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Brian Hartline and Andrew Hawkins could form hard-to-guard duo at WR


When news broke Monday night that the Browns were signing wide receiver Brian Hartline, a Cleveland teammate decided to reach out to the Ohio native on Twitter.

All offseason, the Browns' brass has said it will be one of its priority to add playmakers to the offense, and Cleveland did just that by signing Hartline.

During his last three seasons with the Dolphins, Hartline averaged 63 catches for 857 yards. The 28-year-old joins Andrew Hawkins, who set career bests in 2014 with 63 catches and 824 yards.

Hartline is similar to Hawkins with an outstanding work ethic and vocal leadership in the locker room. But the fact that both receivers can line up all over the football field is going to keep offensive coordinator John DeFilippo busy drawing up patterns to give Cleveland's offense a jolt.

In Miami, Hartline and his sneaky speed were often used as a deep threat, he was durable enough to snag many of his catches over the middle of the field in traffic and carried the torch as the No. 1 receiving threat for a year in 2012 before Mike Wallace arrived in South Beach.

Though the two have never spoken in person, Hartline has quietly admired Hawkins' career and anticipates both players will reap the benefits of playing together.

"He's a shorter guy, has speed, quicks, works well in the slot but also can play outside," Hartline said. "He doesn't really have a whole lot of limitations. From what I understand, he goes about his business the right way. I do not know him overly well, but I'm looking forward to getting to know him more. He's a competitor and I'm looking forward to working with him."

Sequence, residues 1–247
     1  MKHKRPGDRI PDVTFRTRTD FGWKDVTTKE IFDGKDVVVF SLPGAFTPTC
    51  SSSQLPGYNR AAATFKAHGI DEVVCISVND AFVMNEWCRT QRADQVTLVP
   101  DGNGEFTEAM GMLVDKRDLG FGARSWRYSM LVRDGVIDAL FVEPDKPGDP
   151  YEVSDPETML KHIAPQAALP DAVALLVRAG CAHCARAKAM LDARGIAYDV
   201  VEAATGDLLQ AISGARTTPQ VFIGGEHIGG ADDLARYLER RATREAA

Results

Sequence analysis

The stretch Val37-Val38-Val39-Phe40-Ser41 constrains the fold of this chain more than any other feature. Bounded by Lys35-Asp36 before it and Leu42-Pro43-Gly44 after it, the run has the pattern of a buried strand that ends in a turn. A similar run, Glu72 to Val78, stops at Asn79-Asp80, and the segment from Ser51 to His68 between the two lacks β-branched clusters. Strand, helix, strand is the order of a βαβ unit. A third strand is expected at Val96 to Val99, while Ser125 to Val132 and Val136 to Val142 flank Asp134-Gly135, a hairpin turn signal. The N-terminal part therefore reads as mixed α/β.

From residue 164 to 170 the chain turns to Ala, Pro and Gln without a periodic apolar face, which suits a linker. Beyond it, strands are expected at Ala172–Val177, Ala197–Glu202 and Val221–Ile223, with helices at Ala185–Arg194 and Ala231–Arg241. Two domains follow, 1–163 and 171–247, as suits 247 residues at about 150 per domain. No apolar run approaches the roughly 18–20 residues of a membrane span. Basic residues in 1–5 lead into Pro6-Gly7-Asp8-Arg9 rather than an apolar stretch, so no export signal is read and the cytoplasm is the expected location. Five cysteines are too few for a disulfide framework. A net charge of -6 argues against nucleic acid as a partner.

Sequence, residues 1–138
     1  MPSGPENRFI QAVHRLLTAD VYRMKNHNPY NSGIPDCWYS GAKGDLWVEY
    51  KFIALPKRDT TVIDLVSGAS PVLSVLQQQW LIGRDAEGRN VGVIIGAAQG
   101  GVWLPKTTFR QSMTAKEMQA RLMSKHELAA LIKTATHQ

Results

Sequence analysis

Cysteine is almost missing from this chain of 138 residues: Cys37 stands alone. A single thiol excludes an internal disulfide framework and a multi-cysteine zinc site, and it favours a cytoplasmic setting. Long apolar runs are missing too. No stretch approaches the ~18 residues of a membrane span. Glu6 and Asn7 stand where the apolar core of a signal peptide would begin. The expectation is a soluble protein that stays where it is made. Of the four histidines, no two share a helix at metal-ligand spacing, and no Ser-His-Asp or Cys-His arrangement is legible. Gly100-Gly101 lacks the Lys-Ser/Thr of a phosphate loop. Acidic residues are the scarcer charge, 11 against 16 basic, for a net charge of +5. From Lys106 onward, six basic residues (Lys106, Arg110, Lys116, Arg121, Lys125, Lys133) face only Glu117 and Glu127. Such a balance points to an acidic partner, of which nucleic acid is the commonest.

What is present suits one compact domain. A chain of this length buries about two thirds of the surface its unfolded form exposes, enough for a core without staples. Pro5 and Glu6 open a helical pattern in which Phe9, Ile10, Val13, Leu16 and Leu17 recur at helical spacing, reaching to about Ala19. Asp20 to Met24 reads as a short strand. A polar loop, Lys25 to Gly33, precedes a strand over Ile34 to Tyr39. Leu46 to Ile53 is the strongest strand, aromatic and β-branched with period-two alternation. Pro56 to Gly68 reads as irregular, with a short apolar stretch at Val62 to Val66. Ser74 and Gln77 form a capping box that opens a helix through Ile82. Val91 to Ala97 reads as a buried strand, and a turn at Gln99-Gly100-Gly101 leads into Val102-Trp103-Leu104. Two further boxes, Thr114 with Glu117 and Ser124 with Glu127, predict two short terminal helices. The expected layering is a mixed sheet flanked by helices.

Hartline wanted to make another thing clear in his conference call with reporters. While it's nice to be back in the state of Ohio, it wasn't his main reason for signing with the Browns.

Much like how the Browns lured away Hawkins from the Bengals one year ago, it was coach Mike Pettine's vision that left Hartline fascinated with the prospect of donning a shiny orange helmet each Sunday. Hartline did his due diligence by meeting with several other suitors, but in the end, the Browns' organization – teamed with the city of Cleveland – were enough for him to put his signature on a contract.

"He's a man's man," Hartline said of Pettine. "He's straight to the point. Loves football. Wants to win. He's easy to talk to. He's got an AFC East background; we kind of talked about crossing paths in the past. He was one of the main reasons why I believe in this vision and where he wants to go and the kind of team he wants to build." 

Like we wrote yesterday, the Browns will continue to be selective in free agency, trying to find players who obsess over the sport of football. And though general manager Ray Farmer likely isn't done revamping the wide receiver room in Berea, inking Hartline before free agency even officially begins is a nice little coup to get things started.

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